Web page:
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Steve Zissou (Bill Murray) is a legendary underwater explorer, notorious blow-hard, and known around the globe for his documentaries about life beneath the sea. But life is not going so smoothly for Zissou of late. Out of the blue (as in sky), comes a Kentucky co-pilot named Ned Plimpton (Owen Wilson) who claims he might, or might not, be the long-lost son Steve never got to know, after an affair with Ned's mother over 30 years earlier. So Zissou sets sail in a state of uncertainty and takes Ned with him, to make his latest film. His crew is enlarged with pregnant journalist Jane Winslett-Richardson (Cate Blanchett), who is doing a cover story (he hopes) on Steve, his loyal German engineer Klaus Daimler (Willem Dafoe), but not his wife (and brains behind his accomplishments) Eleanor Zissou (Anjelica Huston). And just over the horizon is his nemesis, Alistair Hennessey (Jeff Goldblum).

Review by Andrew L. Urban:
It is my duty to tell you to stop reading this review right now. Come back to it after you've seen the film if you like, but even reading the synopsis is more than necessary. All you need to know is that the film is a rare original, something of lasting value that will keep you engrossed and entertained in a dry, downbeat tone that is focused and filmic and fantastic. Now go.

So you've seen it now? Great, isn't it. Don't you love the dryness, from Bill Murray's underplaying to Anjelica Houston's minimalism. Even Owen Wilson gives us minimalism in performance. Wes Anderson's direction has created an ensemble in which Cate Blanchett's pregnant English journalist is as perfectly in sync as Willem Dafoe's sensitive and complex German engineer.

Of course the script is the goldmine; didn't you admire the opening set up in an Italian theatre? No, it isn't a cinema, hence the curtains. And then we're back there while under the credits we get that terrific singer and guitarist from the crew... The brilliance of the script is in its constant inventiveness; yet we are never thrown out of the story as it weaves and changes, because it remains sharply and sincerely observed. The constant dips into character darkness, the black humour of the conflicted Steve Zissou stumbling in and across relationships from his wife, his crew and his (maybe) son, all play with the same edgy desperation as our own lives. I speak for myself, but I suspect I'm not alone.

It's in these moments of recognition that we find satisfaction, as well as confrontation. The film also confronts with its jagged mood switching, but Anderson never loses his balance and his grip on our feelings.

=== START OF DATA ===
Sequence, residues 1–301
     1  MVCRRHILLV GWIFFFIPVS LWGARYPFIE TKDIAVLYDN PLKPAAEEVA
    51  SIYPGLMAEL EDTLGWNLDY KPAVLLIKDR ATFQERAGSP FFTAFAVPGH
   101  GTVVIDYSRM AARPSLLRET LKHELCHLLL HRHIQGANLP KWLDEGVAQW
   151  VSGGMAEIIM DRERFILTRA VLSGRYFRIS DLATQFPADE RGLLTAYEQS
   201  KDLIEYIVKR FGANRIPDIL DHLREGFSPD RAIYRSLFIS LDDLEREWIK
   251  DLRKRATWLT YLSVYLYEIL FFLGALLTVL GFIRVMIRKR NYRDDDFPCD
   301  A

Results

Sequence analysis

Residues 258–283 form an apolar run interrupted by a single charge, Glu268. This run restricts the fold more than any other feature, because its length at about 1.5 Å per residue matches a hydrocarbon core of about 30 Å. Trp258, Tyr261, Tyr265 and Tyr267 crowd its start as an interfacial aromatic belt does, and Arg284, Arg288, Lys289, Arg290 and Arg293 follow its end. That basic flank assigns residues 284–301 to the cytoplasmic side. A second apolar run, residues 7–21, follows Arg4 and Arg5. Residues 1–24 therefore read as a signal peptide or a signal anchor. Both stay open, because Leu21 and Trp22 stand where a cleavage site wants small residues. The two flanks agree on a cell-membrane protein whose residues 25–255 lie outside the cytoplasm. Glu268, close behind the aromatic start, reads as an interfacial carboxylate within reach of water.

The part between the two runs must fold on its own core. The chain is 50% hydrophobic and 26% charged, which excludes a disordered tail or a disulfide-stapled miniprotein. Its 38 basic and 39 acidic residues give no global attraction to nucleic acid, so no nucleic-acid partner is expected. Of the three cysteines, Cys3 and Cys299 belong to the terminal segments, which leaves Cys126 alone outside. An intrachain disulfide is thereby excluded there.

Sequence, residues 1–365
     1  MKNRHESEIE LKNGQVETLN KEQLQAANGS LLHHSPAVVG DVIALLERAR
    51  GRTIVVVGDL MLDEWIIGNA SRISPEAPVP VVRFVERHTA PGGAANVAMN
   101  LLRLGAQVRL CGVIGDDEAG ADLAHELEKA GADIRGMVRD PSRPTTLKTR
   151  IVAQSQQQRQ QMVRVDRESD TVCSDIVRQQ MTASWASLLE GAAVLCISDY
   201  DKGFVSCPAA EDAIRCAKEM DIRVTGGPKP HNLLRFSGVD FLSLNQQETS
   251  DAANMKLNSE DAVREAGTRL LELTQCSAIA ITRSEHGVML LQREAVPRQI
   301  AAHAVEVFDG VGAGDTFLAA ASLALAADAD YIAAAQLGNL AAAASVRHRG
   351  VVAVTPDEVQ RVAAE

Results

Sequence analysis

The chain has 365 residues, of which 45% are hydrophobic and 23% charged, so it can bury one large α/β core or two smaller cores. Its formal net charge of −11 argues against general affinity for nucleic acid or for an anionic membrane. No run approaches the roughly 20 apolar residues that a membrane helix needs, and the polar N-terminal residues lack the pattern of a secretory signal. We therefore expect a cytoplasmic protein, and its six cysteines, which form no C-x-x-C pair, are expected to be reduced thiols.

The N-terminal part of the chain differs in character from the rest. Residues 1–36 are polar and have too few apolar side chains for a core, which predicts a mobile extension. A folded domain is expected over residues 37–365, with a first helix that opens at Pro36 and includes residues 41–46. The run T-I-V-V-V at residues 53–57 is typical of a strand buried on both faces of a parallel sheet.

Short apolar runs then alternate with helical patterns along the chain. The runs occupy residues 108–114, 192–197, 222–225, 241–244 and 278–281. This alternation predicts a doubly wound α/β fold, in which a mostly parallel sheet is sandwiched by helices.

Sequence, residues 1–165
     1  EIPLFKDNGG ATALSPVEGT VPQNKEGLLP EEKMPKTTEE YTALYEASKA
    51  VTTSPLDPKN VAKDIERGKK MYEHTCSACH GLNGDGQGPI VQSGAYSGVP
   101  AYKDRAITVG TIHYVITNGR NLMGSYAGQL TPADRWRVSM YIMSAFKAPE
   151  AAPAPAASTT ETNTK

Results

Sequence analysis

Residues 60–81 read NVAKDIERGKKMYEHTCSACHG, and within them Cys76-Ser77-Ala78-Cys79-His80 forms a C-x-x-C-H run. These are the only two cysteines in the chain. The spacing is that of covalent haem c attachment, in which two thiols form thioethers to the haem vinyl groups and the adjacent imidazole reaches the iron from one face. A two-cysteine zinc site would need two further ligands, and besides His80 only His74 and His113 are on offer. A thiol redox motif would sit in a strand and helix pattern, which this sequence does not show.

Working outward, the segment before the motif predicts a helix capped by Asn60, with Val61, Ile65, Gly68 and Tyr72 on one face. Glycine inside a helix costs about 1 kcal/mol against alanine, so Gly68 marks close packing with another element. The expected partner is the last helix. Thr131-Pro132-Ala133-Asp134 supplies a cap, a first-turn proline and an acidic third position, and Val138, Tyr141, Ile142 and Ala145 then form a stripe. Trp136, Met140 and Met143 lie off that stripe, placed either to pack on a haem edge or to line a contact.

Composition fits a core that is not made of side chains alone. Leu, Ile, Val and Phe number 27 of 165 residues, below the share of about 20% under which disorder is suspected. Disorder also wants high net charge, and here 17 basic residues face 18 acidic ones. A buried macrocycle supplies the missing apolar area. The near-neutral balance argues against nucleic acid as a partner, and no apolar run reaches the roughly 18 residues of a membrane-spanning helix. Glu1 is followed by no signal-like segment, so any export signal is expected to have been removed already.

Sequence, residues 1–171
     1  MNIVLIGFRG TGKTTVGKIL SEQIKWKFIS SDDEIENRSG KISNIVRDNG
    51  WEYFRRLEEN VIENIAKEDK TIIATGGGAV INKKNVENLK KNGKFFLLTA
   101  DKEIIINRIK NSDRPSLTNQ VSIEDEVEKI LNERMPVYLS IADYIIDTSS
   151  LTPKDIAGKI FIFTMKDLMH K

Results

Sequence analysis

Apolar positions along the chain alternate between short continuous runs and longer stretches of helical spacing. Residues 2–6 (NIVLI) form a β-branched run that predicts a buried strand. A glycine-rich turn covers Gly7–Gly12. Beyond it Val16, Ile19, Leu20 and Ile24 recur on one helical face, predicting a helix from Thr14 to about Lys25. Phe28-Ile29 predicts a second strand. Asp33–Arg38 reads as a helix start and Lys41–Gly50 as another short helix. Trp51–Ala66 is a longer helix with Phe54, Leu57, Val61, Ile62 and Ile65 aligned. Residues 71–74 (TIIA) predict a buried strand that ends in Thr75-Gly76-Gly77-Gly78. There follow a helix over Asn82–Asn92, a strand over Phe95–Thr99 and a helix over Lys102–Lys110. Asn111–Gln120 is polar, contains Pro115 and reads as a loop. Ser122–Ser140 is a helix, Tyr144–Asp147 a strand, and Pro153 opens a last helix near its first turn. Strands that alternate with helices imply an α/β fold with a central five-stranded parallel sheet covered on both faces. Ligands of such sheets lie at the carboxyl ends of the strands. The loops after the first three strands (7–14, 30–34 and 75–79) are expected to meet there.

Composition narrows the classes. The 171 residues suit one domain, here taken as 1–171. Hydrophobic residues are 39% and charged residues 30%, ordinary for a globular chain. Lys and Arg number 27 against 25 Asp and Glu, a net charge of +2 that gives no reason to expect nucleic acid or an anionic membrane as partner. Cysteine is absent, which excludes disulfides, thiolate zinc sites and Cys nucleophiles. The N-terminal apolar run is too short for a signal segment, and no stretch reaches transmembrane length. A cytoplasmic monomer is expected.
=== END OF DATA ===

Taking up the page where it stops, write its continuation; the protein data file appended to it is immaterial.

Technically proficient, and with a David Bowie song book behind it, The Life Aquatic is the film we've been waiting Bill Murray to make after Lost In Translation, and Wes Anderson to direct since Rushmore (1998). Worth the wait.

Review by Louise Keller:
The Life Aquatic with Steve Zissou is a most unusual film. It's dry and laid back, while the rub is that it is set on the wet landscape of the sea. Like The Royal Tenenbaums, writer/director Wes Anderson's new film also has a bunch of eccentric, looney characters that live in an artificial world of documentary film making. So artificial, even the fish are fake. But there's nothing artificial about Bill Murray's wistful, isolated Steve Zissou, who lives his life as dictated by his image. Murray has an innate ability to endear himself to us, whatever the circumstances, and here he has plenty of rope with which to reel us in. The film may not work in a traditional sense, but its wacky characters are as colourful as the underwater fish world, and the cast looks as though they are having a whale of a time.

Zissou is an oceanographer, who is more of an icon than a serious scientist. His wife Eleanor (Anjelica Huston, wearing a stunning array of necklaces) is the brains of the team, that includes Willem Dafoe's ultra-loyal German engineer Klaus, Cate Blanchett's pregnant journalist Jane and Seu Jorge's guitar-playing, singing Pelé dos Santos, who creates the film's rhythm with David Bowie songs translated into Portuguese. Zissou is fast becoming a has-been, and funding is tight as he is about to embark on his latest documentary adventure, which is committed to finding a man-eating shark with animal-print skin. He has just met Ned Plimpton (Owen Wilson), who could well be his son - a fact that creates all kinds of complications for Zissou, who has no paternal instincts whatsoever. Adding to Zissou's insecurities is Eleanor's ex-husband Alistair (Jeff Goldblum), who has better funding, more elegant clothes and a much bigger boat.

The story is a bouillabaise of what happens to Zissou and his friends as they start filming the documentary. There are a few chuckles, but most of the humour lies in the writing and in the creation of the characters. The pleasures of The Life Aquatic are in the journey, and there is plenty to absorb.

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CAST: Bill Murray, Owen Wilson, Cate Blanchett, Anjelica Huston, Willem Dafoe, Jeff Goldblum, Michael Gambon, Noah Taylor

PRODUCER: Wes Anderson, Barry Mendel, Scott Rudin

DIRECTOR: Wes Anderson

SCRIPT: Wes Anderson, Noah Baumbach


EDITOR: David Moritz, Daniel R. Padgett

MUSIC: Mark Mothersbaugh


RUNNING TIME: 118 minutes



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